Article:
Once I made the book cover, I realized how flat it looked. It needed work to look more realistic. To get a more three-dimensional look, I took a photo of a handy book with mostly plain white cover (it was The Millennium Whole Earth Catalog) sitting on my desk. The angle allows a slight view of page edges, but I needed to adjust my image to fit on the book. It was easy enough with the Perspective tool, grabbing and moving the corners to match the corners of the underlying book. I then used the Smudge tool to rough up the edges just a little bit.

First try, too flat!

First try, too flat!

After all this, I thought the cover still looked too fresh and unused. So, I used the free select tool to isolate the book, and found under Effects->Distorts->Video the ability to make a surface of small dots, simulating a paperback cover printing process.

Overall, this was a good exercise in learning. Not only did I try some tools in GIMP, but I had to think about design. Of course, I used the Village font, but how about placement of the wording, cropping of the picture, etc? I had accidently left a blue line near the bottom (from my media player), but I took advantage of that to put a publisher’s name in the same color just above.

If I were to start over, I would not use a photo cover, but would go for a more minimalist look. But, if I remember right, TV shows and movies often had spin-off novelizations, and they often used photos from the original productions for the covers. It is a good marketing design (if not artistic) so the interested consumer identifies the tie-in.

By the way, no author is credited on the cover. It was probably written by a team of hack writers working from the original script, piece work, no royalties.

A Design Analysis of the Number Two Great Seal of Office

Number 2 Great Seal of Office

Number 2 Great Seal of Office

In the episode “It’s Your Funeral”, Number 2 is honored during ceremonial occasions to wear the golden Great Seal of Office. In the scene in the watchmaker’s shop we see a rare glimpse into the design process. Left laying around for all to see is the original designer’s sketch of this seal!

Original Design Sketch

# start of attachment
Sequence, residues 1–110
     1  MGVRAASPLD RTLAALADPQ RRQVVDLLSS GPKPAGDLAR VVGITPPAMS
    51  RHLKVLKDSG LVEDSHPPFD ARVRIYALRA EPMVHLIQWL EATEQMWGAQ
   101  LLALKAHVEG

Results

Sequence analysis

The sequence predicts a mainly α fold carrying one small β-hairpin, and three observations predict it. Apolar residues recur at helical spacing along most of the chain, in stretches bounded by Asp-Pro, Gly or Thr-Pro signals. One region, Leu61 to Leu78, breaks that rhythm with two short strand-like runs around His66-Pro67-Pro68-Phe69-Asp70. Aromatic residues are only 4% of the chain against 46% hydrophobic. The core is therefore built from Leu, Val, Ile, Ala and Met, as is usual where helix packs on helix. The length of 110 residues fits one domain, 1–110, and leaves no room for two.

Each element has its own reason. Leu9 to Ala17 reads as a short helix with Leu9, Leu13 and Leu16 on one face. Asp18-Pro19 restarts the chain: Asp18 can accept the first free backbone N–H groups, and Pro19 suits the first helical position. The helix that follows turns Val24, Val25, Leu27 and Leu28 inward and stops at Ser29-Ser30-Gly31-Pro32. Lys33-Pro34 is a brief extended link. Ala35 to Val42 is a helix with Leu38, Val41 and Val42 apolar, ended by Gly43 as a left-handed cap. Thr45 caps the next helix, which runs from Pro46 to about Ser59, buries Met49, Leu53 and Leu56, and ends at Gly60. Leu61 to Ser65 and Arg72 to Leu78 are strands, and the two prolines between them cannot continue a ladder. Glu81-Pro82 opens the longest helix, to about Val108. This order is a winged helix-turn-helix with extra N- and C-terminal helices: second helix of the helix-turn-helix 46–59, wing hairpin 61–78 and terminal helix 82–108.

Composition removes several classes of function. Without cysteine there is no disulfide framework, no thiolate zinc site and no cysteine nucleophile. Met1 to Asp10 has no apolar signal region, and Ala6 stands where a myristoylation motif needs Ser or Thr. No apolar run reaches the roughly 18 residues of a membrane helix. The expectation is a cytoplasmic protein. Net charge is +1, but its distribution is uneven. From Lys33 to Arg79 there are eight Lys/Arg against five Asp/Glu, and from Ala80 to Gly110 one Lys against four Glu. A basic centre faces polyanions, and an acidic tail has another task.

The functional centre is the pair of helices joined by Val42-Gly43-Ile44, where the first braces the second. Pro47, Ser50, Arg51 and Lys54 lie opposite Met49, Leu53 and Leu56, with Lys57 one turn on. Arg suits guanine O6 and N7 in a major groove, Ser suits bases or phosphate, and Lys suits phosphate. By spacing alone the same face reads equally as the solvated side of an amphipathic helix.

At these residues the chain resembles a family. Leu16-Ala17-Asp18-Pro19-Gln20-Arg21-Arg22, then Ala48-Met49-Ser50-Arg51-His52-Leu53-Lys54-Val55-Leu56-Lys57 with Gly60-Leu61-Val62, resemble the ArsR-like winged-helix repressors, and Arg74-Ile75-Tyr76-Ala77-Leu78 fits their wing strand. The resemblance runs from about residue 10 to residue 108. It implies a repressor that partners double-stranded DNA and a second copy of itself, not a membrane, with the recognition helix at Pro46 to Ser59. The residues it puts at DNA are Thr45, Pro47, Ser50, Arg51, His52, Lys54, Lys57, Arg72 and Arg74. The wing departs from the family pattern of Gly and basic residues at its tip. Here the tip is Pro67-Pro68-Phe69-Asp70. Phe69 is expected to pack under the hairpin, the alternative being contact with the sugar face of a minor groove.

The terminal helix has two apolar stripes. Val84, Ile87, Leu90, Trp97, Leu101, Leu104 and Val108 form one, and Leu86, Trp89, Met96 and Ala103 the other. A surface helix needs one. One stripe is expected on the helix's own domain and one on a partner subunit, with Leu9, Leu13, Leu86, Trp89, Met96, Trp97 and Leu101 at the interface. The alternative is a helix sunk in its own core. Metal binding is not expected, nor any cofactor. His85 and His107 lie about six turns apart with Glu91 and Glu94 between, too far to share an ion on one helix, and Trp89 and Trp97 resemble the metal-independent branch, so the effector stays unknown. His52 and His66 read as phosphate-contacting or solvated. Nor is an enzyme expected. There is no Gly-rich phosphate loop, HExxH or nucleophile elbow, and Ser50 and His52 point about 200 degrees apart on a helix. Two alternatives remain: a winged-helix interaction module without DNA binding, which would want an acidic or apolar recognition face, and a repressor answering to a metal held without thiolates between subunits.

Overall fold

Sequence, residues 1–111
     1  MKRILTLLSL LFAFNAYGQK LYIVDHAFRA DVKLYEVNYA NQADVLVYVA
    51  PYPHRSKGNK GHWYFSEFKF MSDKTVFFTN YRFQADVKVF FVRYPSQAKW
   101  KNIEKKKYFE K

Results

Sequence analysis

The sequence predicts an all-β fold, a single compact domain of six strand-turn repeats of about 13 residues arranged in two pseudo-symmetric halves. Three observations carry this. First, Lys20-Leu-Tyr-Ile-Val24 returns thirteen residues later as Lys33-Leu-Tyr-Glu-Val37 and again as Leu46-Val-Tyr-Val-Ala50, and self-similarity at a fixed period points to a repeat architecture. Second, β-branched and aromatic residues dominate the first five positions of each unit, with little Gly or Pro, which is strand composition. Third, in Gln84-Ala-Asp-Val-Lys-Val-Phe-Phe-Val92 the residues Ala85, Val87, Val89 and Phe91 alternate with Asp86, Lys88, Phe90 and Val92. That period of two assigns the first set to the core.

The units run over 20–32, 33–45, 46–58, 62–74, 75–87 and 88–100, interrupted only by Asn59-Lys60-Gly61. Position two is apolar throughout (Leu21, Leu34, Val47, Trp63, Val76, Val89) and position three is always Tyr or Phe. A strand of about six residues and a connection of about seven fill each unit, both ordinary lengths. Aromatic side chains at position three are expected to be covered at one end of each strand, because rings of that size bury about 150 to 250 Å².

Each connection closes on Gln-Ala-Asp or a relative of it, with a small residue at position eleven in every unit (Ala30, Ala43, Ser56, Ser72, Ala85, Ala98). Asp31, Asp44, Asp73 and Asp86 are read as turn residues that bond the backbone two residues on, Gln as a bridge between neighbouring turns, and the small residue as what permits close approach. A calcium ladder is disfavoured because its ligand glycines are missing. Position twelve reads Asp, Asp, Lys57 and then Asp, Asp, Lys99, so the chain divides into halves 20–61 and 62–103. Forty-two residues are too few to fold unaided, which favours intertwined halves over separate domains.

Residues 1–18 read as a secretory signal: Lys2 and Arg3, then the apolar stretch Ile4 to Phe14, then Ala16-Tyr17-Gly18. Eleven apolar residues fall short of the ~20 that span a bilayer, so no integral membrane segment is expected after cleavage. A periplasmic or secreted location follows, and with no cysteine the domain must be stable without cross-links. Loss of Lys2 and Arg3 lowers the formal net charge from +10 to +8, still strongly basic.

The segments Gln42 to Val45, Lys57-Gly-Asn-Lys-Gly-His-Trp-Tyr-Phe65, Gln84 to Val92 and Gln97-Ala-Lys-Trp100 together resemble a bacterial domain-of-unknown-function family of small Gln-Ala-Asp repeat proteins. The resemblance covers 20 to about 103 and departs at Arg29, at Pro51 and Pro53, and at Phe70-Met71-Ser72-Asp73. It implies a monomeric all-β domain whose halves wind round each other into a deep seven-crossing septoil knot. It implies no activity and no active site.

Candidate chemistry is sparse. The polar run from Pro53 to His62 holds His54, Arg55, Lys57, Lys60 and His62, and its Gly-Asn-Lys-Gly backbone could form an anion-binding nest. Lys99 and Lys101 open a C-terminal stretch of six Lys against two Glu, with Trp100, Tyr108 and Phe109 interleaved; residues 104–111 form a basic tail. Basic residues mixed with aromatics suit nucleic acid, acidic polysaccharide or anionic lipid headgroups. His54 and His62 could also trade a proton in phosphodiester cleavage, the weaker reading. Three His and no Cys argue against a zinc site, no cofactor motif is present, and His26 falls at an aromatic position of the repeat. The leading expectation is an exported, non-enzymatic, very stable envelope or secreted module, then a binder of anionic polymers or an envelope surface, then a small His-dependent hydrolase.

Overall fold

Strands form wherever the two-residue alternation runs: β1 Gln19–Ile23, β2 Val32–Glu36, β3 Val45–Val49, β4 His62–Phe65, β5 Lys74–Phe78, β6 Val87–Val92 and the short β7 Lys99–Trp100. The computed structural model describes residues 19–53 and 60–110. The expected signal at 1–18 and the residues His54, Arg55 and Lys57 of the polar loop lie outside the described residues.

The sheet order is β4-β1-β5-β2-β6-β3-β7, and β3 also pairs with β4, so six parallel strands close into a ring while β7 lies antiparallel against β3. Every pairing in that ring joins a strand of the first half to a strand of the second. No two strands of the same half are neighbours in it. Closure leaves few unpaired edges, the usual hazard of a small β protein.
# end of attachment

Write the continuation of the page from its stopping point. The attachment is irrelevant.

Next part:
Original Design Sketch

As is common when analyzing ancient manuscript documents, I found it useful to record my experiments with various lighting conditions from various angles. For simplicity in this presentation, and in presenting the evidence of my conclusions, I show only the results for light from the four cardinal directions, and I do so in rotating images.

First, the sketch in natural light:

Natural lighting

Natural lighting

As you see, in natural light, no particular artifacts of creation are evident. One sees the inscription in the normal Village font, and the central icon of the Village pennyfarthing.

Exposed in near-ultraviolet light, we see some additional information developing on the surface. There are areas of differing colors showing variations in the surface texture. The spectrum from red through violet shows increased surface height. One would think that a piece of drafting paper would be smooth, but here there is apparent evidence of unevenness.

In Near-Ultraviolet Light

In Near-Ultraviolet Light

Finally, I found the need to slow the rotation to better see the square areas that appear from some angles. In slow motion, you can observe this “pixelization” of the surface. Normal paper does not behave in such a manner. Note that you can see the effect better if you click on the image to view it larger in your browser.

Slow Motion to Observe Squares

Slow Motion to Observe Squares

“What does this mean?” to quote Dr. Martin Luther. Apparently, the technology of The Village included elements more advanced than most of the world knew in the 1960s. This paper is actually synthetic paper made of nano-liquid-crystal. To our knowledge, this nLCD type of display is just now coming to market in advanced technical centers, such as Tokyo and Singapore. To find it in The Village is evidence beyond what we were looking for. The nLCD paper the watchmaker is using to draft the seal of office is nothing less than an artifact from the future!